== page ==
The last prisoner exchange involving so many people took place in 2010, when the United States agreed to release 10 Russians arrested for spying in exchange for four people detained by Moscow for their contacts with Western intelligence agencies. At the time, the swap — which was approved at a time of warming relations between the United States and Russia — represented the largest spy exchange since the end of the Cold War.
In a statement Saturday, the government of Venezuela said it welcomed the release of the nephews, saying they had been “unjustly imprisoned” and that it had decided to release the Americans “for humanitarian reasons.”
The Venezuela announcement had been months in the making, according to senior administration officials, and had been approved by Biden several weeks ago, setting in motion a series of logistical conversations between officials in both countries.
One senior administration official said both governments spent time Saturday morning confirming the identities of the people on the planes before they switched places and took off again, this time for home.
The exchange was the latest in a series of prisoner swaps that Biden has agreed to since taking office as his administration seeks to bring home Americans whom the State Department has designated as wrongfully detained abroad.
But it is also likely to be another flashpoint in the debate about releasing criminals convicted of significant crimes in exchange for detained Americans. In 2014, President Barack Obama agreed to swap five Taliban terrorists in exchange for the return of Bowe Bergdahl, an Army soldier who had deserted and been captured by the Haqqani terrorist network.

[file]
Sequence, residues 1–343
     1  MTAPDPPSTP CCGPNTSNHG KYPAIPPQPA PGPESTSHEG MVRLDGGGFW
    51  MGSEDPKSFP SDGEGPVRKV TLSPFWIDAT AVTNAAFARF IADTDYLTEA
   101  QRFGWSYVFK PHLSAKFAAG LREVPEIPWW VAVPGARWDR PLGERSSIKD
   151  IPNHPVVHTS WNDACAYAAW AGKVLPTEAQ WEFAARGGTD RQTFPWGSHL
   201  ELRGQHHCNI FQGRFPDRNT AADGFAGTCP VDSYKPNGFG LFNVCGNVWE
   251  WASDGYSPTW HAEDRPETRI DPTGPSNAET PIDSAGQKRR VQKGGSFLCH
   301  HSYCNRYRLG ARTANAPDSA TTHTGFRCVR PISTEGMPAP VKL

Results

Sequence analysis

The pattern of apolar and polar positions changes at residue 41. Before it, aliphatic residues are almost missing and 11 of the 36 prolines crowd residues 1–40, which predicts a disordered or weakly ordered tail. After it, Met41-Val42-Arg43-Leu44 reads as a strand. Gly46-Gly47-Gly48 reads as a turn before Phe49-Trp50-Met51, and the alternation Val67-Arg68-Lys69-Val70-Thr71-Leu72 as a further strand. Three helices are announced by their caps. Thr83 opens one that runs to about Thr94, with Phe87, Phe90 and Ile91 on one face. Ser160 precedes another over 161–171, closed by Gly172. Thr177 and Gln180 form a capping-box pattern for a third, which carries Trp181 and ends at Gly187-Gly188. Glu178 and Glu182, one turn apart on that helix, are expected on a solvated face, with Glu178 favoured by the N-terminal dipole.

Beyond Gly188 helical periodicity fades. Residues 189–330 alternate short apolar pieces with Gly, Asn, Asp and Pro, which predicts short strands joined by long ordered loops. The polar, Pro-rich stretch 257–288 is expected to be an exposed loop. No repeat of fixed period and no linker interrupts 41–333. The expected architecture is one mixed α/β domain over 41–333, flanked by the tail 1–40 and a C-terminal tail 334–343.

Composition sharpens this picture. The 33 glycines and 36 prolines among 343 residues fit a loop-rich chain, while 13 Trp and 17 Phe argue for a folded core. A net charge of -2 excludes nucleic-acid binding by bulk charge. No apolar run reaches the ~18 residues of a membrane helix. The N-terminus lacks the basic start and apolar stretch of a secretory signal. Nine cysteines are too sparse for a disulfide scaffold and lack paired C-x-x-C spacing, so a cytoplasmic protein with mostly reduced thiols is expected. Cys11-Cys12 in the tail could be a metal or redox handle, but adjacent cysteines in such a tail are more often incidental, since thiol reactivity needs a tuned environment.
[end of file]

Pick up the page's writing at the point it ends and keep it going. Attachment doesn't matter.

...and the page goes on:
Obama’s decision to make the exchange for Bergdahl, who was dishonorably discharged, sparked intense debate about the willingness of the U.S. government to negotiate with terrorists, something presidents from both parties have for decades vowed not to do.
The Americans who had been held in Venezuela included five members of a group known as the “Citgo 6.” They were executives of the Citgo oil refining company who were detained more than four years ago on charges of corruption that their lawyers and U.S. officials said were trumped up. One member of the group and another American being held in Venezuela were released in March after a team of Americans from Biden’s administration flew to Caracas for discussions, officials said.
Citgo said in a tweet that its executives had been detained and convicted “without due process. We welcome the news of the release of the remaining five and are grateful to the leaders in Washington who helped bring about their release.”
Two other Americans — Heath, who was detained in 2020, and Khan, who was detained at the beginning of this year — were also among those released by Venezuela on Saturday.
Asked whether the release of the Venezuelan drug smugglers would prompt Maduro to detain more Americans, the senior administration official said he hoped that the Venezuelan president and others would realize that the president’s decision was a “rare” action that is not likely to be repeated often.
Sen. Marco Rubio, R-Fla., lashed out at the administration on Twitter.
“Today Biden released two convicted drug dealer nephews of #Venezuela dictator Maduro in exchange for 7 innocent Americans being held hostage,” said Rubio, whose state is home to many Venezuelans who fled the socialist governments there.
“Another Biden appeasement that will result in more anti-U.S. dictators taking more innocent Americans hostage in the future,” Rubio wrote.